We don’t know much about the product, but Magment’s site says the concrete medium filled with magnetic particles has “record-breaking wireless transmission efficiency … up to 95%,” “standard road-building installation costs,” enables universal charging, is all-weather, has a high thermal conductivity, and is vandalism-proof. The first two phases of the experiment will have Purdue’s Joint Transportation Research Program conducting testing, analysis, and optimization research on the special cement in the lab to verify its usability. The testing is meant to begin sometime before the end of summer.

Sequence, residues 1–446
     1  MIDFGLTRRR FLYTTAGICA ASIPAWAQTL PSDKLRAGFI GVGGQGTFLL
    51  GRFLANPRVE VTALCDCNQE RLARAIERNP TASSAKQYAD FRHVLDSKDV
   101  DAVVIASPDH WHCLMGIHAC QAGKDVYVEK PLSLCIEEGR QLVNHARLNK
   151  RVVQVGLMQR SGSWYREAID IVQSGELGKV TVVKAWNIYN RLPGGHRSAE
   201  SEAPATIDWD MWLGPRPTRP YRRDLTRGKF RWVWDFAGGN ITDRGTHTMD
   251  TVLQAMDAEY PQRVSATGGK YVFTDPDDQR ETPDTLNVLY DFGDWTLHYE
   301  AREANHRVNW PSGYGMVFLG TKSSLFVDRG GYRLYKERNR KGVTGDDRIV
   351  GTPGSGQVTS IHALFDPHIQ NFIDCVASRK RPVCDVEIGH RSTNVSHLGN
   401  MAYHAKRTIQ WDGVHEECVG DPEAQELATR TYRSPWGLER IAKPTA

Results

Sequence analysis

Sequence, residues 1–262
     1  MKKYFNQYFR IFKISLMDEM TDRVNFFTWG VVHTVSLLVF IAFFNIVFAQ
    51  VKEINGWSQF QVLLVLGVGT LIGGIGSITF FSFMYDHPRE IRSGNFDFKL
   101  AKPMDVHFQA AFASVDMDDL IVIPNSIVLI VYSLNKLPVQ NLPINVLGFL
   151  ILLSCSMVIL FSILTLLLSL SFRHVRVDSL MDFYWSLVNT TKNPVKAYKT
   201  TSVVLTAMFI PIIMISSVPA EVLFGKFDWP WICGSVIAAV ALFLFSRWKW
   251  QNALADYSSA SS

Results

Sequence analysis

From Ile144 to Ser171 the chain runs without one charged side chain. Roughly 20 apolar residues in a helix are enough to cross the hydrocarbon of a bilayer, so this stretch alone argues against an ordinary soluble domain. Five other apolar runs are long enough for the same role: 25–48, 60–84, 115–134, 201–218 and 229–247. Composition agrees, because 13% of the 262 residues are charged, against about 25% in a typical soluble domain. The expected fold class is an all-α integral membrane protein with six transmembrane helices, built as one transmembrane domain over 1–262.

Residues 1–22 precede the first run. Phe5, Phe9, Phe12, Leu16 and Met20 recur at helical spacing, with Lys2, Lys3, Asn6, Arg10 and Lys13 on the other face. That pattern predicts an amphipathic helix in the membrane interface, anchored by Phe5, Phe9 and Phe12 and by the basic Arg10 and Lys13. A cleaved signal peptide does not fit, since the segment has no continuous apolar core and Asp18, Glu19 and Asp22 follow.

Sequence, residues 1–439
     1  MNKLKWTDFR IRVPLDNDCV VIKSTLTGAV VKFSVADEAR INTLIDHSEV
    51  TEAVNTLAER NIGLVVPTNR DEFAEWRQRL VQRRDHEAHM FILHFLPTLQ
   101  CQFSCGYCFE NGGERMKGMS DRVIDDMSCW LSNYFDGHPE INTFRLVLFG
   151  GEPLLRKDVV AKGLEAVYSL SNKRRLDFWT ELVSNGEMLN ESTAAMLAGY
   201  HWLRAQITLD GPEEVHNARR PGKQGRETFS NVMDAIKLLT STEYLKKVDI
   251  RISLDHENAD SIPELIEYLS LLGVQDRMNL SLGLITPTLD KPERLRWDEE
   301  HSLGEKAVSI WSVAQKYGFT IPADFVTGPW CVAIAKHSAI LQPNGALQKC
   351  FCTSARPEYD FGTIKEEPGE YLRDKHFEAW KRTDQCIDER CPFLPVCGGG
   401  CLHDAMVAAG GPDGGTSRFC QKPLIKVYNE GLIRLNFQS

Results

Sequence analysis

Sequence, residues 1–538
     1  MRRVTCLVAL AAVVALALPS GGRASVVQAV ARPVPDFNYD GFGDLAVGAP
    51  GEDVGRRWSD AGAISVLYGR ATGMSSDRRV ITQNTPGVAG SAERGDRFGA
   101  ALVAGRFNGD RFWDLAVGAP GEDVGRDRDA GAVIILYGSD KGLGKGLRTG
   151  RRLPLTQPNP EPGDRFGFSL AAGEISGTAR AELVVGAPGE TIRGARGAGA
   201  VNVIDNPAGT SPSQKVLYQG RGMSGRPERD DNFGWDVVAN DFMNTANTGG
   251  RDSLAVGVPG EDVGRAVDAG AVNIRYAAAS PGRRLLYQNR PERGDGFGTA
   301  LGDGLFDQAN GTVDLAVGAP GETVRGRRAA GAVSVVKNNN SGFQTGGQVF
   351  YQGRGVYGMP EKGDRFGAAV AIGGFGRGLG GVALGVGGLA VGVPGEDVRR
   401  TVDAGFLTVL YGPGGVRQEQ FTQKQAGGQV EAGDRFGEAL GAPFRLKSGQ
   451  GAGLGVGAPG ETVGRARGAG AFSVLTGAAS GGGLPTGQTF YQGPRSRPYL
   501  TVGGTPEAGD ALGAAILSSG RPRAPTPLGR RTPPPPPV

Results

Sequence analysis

If those phases show promise, INDOT will build a quarter-mile stretch of magment highway at an undisclosed location for real-world testing on heavy trucks at 200 kilowatts and above. And if that’s successful, INDOT will build another section of magment highway, this time on one of the state’s public roads.
INDOT, Purdue, and Aspire aren’t the only boffins toiling over hot concrete. Outfits like IPT Prime in Germany, U.S. universities Stanford and Cornell, and other groups in places like California, Sweden and Israel are all trying to get roads to refill batteries, an effort that began at least 20 years ago. Making EV charging as easy as driving one’s EV would certainly help battery-electric vehicle adoption. The price tag for replacing and powering huge chunk of a country’s road system might be a little steep, though.